In a demonstration of just how insulated the royals are, Andrew apparently told his mother that it had all gone splendidly:

PRINCE Andrew told the Queen today his disastrous BBC interview was “a great success”.

Prince Andrew was “buoyant” as he attended church with his mum despite the furious backlash which has put his official role under threat and plunged the Royal Family into its biggest crisis in years. …

His pal revealed last night: “The Duke went to church with the Queen and was heard telling her it’s all been a great success.

“He thinks he’s done the right thing and has put the criticism to rest. He was all smiles and was looking very buoyant and happy.”

If Buckingham Palace thought this would finally put the issue to rest, they are sorely mistaken. It’s so bad, CNN notes, that it might even overshadow Brexit in the upcoming elections. The British electorate is sick to death of hearing about Brexit, and Prince Andrew just handed them a juicy scandal to debate in its stead:

But here in the UK, there’s only one story in town. On Saturday night, Prince Andrew gave an excruciating interview to the BBC’s Emily Maitlis about his relationship with the convicted sex offender Jeffrey Epstein, who died by apparent suicide while awaiting trial on federal charges that he sexually abused underage girls and ran a sex trafficking ring. Epstein had pleaded not guilty. …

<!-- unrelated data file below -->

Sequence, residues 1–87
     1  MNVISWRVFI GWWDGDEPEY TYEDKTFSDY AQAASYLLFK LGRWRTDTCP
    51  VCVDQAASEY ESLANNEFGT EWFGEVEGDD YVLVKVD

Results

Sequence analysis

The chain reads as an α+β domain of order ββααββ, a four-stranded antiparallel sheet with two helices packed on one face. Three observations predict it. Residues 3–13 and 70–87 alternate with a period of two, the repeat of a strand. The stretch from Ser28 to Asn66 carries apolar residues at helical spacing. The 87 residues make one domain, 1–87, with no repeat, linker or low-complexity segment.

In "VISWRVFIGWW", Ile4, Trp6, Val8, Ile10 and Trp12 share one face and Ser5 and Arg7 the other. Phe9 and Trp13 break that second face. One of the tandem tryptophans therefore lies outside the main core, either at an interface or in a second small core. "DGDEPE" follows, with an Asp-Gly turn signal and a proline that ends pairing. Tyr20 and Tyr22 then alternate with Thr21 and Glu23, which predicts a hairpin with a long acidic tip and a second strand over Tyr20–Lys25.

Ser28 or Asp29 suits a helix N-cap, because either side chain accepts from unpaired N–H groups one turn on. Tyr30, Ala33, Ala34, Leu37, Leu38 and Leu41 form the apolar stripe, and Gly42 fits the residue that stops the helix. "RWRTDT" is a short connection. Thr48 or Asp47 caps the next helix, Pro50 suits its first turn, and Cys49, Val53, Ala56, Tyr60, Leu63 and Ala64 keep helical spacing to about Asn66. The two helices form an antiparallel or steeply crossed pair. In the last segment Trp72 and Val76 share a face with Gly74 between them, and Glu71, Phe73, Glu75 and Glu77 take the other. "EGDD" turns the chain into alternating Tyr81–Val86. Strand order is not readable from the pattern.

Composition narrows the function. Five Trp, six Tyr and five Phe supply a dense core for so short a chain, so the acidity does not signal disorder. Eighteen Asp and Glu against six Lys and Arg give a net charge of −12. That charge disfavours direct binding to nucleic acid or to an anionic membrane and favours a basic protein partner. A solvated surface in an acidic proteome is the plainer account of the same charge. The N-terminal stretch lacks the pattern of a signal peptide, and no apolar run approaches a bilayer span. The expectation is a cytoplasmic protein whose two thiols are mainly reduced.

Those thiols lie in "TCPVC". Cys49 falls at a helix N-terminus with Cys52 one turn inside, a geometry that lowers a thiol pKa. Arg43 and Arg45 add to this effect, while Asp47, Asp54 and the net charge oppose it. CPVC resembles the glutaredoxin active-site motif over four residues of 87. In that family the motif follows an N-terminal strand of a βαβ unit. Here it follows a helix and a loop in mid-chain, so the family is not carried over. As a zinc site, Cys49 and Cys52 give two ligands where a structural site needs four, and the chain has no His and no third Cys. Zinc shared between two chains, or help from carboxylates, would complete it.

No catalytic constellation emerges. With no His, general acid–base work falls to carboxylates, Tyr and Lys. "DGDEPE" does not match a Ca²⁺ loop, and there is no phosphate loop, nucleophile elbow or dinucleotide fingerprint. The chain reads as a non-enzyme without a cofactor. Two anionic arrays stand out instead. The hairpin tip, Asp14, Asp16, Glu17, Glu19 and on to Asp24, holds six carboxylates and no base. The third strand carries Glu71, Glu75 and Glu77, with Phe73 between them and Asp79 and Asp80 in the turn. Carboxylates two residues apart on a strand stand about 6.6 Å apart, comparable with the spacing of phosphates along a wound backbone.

Normally, election campaigns are a time when leaders and candidates want as much coverage as possible to sell their vision for the country to the nation.

But with both parties slinging so much mud at one another, Corbyn and Johnson may well be content to see this royal scandal dominate coverage for a few days, if not the rest of the week. That’s especially true in a week that’s expected to see the launch of party manifestos — traditionally the time when policy pledges are pulled apart by experts.

It’s almost inevitable that both men will be asked questions about the Andrew story when they face one another in a face-to-face debate on Tuesday. In that respect, the prince has thrown a fire blanket on both Brexit and the election campaign. And, it seems, the public are entirely happy to be distracted from the nation’s Brexit fatigue.

That’ll only last a short while, but it didn’t have to happen at all. Reportedly, the Queen approved the idea of the BBC interview, which calls her own judgment into question. One has to wonder now about the succession, too, which would normally pass to Andrew’s brother Charles, who is not a terribly popular figure — although his standing has improved significantly in the two decades since Diana’s death. The monarchy might need to move directly to the new generation by making William the heir apparent, hoping to leverage the popularity of Diana’s son and distance themselves from the stink left behind by Andrew and Charles.

Here’s the BBC interview in its entirety, soon to be a legendary cautionary tale in public relations.